State board OKs contract with CSX to extend rail service to Frederick

September 25, 1997|By William F. Zorzi Jr. | William F. Zorzi Jr.,SUN STAFF Sun staff writer Suzanne Wooton contributed to this article.

The Board of Public Works approved a long-awaited operating agreement between the state and CSX Transportation yesterday, clearing the way for extending Maryland's commuter rail service between Washington and Frederick.

While commuter rail service to Frederick is still more than two years away, the approval allows the state to move ahead with the first phase of a $50 million project to build the connection -- a move designed in part to ease traffic congestion along the Interstate 270 corridor.

The public works board, which consists of Gov. Parris N. Glendening, Comptroller Louis L. Goldstein and Treasurer Richard N. Dixon, blessed the contract, which provides for the state to pay CSX $69 million to operate the commuter service through December 1999.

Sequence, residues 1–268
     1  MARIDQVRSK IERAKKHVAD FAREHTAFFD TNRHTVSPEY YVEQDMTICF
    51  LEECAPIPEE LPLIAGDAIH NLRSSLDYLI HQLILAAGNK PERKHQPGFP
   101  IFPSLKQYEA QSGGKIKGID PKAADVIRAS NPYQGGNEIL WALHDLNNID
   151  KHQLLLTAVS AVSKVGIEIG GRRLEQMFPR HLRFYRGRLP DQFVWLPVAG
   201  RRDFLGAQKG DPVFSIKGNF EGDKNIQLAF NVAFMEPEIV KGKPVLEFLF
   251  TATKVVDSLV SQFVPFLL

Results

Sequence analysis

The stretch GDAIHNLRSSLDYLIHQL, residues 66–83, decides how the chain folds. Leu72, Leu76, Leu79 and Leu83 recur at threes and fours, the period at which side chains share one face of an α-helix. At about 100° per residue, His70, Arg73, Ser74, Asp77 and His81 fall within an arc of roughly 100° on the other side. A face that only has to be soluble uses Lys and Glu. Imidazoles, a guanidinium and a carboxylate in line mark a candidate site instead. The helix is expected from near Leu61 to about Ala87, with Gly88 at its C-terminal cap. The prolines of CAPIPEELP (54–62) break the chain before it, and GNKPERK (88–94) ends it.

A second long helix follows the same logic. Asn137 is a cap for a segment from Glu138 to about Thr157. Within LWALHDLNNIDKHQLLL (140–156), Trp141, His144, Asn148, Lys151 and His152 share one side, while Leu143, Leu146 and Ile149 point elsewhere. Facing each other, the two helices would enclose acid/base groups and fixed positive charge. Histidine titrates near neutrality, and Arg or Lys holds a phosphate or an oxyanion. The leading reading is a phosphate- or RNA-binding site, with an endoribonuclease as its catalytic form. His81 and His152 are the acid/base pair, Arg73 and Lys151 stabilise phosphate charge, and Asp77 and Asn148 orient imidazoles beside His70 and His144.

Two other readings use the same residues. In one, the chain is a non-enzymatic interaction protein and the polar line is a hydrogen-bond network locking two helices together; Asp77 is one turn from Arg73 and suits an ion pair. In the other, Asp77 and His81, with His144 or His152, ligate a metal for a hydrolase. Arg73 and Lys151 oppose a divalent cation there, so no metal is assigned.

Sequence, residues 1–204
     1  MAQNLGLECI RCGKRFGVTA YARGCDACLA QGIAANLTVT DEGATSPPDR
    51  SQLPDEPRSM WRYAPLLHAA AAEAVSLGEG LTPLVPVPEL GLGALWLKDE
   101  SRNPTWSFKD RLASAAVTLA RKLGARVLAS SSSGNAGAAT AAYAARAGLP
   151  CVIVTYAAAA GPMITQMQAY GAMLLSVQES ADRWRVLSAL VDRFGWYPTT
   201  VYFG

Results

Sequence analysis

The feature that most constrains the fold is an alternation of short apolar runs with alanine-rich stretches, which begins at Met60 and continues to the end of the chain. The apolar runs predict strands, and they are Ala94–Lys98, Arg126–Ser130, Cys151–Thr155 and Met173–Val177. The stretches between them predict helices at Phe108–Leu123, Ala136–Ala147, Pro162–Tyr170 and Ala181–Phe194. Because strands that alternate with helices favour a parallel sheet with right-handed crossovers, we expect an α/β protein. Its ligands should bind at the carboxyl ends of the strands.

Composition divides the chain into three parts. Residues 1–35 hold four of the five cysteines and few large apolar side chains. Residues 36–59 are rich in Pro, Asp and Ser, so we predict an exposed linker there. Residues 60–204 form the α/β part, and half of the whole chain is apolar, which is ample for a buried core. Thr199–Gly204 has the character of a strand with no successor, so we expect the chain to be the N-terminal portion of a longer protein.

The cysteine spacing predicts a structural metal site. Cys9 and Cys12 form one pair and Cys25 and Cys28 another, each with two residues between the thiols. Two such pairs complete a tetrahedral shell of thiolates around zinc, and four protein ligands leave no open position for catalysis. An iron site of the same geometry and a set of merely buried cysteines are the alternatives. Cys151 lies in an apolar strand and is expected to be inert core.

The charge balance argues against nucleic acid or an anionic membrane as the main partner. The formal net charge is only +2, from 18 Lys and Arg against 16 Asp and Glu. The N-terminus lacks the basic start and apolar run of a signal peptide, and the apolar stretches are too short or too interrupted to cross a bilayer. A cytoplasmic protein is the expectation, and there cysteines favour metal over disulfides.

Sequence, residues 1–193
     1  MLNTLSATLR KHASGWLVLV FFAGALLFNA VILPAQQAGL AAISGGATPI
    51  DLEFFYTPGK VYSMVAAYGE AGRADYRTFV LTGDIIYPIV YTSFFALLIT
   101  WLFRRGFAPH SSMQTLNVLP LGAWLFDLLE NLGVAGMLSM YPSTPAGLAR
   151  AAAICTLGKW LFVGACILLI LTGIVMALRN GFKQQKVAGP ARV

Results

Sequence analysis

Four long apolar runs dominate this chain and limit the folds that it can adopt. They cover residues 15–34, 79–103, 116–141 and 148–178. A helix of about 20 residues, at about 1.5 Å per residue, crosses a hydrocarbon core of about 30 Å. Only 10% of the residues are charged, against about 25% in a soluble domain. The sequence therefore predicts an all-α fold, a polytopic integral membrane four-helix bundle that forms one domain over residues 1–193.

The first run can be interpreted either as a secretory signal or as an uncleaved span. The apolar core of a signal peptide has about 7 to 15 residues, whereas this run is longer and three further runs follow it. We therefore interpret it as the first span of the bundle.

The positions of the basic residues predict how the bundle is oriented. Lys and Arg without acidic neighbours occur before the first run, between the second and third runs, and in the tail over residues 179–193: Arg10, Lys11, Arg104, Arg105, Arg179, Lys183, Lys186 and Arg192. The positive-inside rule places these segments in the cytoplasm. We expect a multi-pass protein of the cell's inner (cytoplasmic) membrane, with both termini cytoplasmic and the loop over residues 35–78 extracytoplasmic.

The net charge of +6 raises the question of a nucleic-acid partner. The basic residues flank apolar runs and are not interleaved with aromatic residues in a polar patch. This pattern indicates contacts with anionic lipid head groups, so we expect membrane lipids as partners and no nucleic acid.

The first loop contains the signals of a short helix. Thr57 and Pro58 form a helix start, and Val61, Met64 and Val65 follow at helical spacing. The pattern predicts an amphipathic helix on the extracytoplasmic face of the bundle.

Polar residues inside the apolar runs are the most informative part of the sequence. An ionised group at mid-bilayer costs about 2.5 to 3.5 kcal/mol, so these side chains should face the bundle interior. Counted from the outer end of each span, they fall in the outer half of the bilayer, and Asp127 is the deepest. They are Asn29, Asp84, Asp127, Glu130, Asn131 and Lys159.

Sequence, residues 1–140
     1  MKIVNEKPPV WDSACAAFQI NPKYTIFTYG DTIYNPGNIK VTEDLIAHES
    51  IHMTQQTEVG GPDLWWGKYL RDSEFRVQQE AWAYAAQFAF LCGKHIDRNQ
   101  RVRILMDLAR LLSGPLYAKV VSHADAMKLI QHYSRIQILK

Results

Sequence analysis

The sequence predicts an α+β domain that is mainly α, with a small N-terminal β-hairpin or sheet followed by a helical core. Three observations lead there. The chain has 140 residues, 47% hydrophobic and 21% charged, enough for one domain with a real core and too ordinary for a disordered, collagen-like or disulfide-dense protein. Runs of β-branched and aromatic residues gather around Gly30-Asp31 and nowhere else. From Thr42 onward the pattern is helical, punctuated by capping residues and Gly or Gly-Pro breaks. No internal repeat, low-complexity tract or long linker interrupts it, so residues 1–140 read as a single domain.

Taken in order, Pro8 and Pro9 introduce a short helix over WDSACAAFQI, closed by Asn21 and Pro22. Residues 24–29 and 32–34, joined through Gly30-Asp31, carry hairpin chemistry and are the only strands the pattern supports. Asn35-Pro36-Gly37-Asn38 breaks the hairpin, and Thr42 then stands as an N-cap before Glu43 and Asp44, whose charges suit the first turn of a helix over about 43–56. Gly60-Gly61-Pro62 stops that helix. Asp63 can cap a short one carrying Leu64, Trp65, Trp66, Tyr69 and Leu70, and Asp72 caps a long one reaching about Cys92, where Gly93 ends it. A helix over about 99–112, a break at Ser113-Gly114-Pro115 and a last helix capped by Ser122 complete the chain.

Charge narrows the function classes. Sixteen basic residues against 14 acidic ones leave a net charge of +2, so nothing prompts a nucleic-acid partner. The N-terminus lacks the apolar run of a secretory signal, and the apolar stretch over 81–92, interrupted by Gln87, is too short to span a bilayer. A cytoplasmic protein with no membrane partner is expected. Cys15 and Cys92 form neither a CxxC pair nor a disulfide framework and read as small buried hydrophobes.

"This is great news for the commuters of Frederick, the county and the whole [Interstate] 270 corridor," Glendening said.

The new agreement calls for six Maryland Rail Commuter (MARC) trains to serve the Western Maryland city, providing four new trains to Frederick and two trains to be rerouted there from the line that now terminates in Brunswick.

State transportation officials are projecting that by the year 2005, the Frederick service will attract 1,600 daily commuters -- many of whom now use I-270 between Frederick and the Capital Beltway.

The agreement also provides for new rail service between Camden and Penn stations in Baltimore, state transit officials said.

The Frederick project -- 80 percent of which will be paid for with federal funds -- calls for about 3.5 miles of track to be rehabilitated and a new station to be constructed outside the city at Route 355, officials said.

With the commuter rail contract resolved, Maryland is likely to endorse CSX and Norfolk Southern Corp.'s $10 billion deal to take over Conrail.

Pub Date: 9/25/97

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